The worst thing about this incident was that for a few minutes I felt isolated and guilty, as if I had done something wrong. I can see how a situation like this could escalate in a predatory way. It’s called projection. I had, in fact, done nothing wrong. There certainly appeared to be parking on this quiet, forested side street; I parked in the shoulder behind another vehicle. I hadn’t even been in the woods he was pointing to and as for what he was referring to, that was a projection of Jerry’s own inner fantasy; it had nothing to do with me. It’s clear no one has confronted Jerry about his own unhealed emotions, and how rather than turning inward and facing them, he projects them outward in an extremely unprovoked, mistaken and essentially violent manner. His mother does nothing but support this. Apparently, it doesn’t occur to Jerry’s mother that Jerry’s hatred and fear of gays represents a deep fear and hatred of femininity, and thus her own gender. It is troubling to me that there is such illness in the world, and worse than that, that rather than face whatever painful or hideous emotions such people have, they attack others.
Jerry swore again and ordered me out while I drove away, as if he could have commanded me to leave.
It’s clear that if Jerry had actually thought through his bizarre homosexual fantasy, he would have had to realize he believed I was going to walk back to my truck after having parked it for more than an hour and a half on a sunny Easter day, sit quietly on that secluded country road and eat half a peanut butter and raisin sandwich, while secretly planning some kind of covert exchange with an as yet absent partner in the woods across the way. This doesn’t seem very plausible to me, but I can’t speak for Jerry’s mental acuity, or stability.
I think the hardest part of this ordeal was looking in Jerry’s mother’s eyes hoping for a semblance of humanity and compassion, just a little of the sanity so needed in this situation, and finding none. She did nothing to curb her adult son’s pathological behavior and completely mistaken assumptions. If confronted with how horribly mistaken he was, I suspect Jerry would mutter some lame apology, and mumble about how they’ve had issues in such and such woods, etc, but I don’t buy it: I think Jerry is so submerged in his own shadow issues, and so unwilling to deal with them, that his penchant for projection makes him a predator.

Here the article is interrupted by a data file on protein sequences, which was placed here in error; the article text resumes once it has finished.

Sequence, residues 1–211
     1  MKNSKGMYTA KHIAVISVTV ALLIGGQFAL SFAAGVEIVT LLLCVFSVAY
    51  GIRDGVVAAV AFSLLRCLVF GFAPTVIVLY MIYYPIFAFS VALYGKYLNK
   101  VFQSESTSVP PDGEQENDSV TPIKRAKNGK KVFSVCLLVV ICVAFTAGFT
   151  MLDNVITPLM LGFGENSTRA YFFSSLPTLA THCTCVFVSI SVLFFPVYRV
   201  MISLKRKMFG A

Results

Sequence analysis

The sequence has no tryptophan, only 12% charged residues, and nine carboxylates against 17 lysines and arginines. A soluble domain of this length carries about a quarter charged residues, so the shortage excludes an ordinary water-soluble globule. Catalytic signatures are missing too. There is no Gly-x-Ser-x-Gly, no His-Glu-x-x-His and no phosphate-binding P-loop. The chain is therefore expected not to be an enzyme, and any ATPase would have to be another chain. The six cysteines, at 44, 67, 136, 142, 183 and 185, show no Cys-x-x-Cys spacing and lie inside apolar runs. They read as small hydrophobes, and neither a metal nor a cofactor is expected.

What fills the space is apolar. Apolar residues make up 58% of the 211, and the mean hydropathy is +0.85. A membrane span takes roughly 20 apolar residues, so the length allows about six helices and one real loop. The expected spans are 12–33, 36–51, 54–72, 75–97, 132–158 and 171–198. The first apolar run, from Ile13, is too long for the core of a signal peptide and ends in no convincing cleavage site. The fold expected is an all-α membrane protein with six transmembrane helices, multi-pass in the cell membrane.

It is disconcerting to confront the ignorance and loathing loose in this world. It is truly uncomfortable to feel the vibe change to one of fear and hatred so quickly. I’m sure it’s the same fear and hatred that’s gotten people dragged to their deaths behind pickup trucks, or strung up from a tree and hanged to death. None of this happened to me. Homophobia, however, appears to be a particularly virulent kind of bigotry. I suppose my gay friends are used to it, but I found it shocking. Jerry’s behavior was more than abrasive; it was a kind of assault. Jerry certainly has a sense of right and wrong and a willingness to act on it, but that’s not really helpful to this world when he’s a hostile, out of control moron. It is equally important to be able to recognize when you’re mistaken, step back, and humbly apologize.
One detail that I can’t forget here is that when I’d had a casual conversation with Jerry’s mom after coming back from a similar hike a few weeks before, she had mentioned her son was in law school. Very serious, she had indicated, his dedication. I find it worrisome that a man as sick as Jerry may be entering our legal system.
I think that when you’re broadsided like I was with Jerry, you don’t need to internalize. You don’t need to analyze and think too much about what you might have done differently to keep this person from attacking you, and so on. That’s victim mentality, and you don’t need it. There are people like this in the world. I see no harm in being prepared, or being aware they exist, but their toxicity does not belong to you. Defend yourself if you need to, but then move on. I think that because I’m an introvert, a person as pathological and delusional as Jerry can project all kinds of bizarre things onto me. My quiet openness makes me a kind of screen, or, more accurately, a mirror. It’s clear Jerry’s thoughts are on gay sex; he’s at war with himself on the topic. One thing is for sure, it had nothing to do with me. With Jerry’s ability to imagine and then project the most bizarre kinds of guilt, it seems plausible that the worst case and most likely scenario if he did pass a bar exam, would be district attorney. One thing I’ve found, the psychopaths and narcissists of this world cannot stand your happiness. They will make up any bizarre reason to attack; and thus they are drawn to positions of false authority, where they can really ruin someone’s day. I don’t see how a person as dangerously pathological as this could serve any community.
But let me end this story on a positive note. The day before this saga, a Saturday, I had several quite pleasant encounters in those same woods, one with a lady and her three dogs, another with a nice couple and their two canines, each of whom smiled and chatted as if they’d been expecting me. We talked, laughed about dogs and their antics, and I got expert advice on some good spots to hike on the Cape. In each case, these people treated me as if they recognized an old friend, and I was pleasantly surprised by the relaxed, easy way they fell into kind conversation. The good guys won.
-Tristan L. Sullivan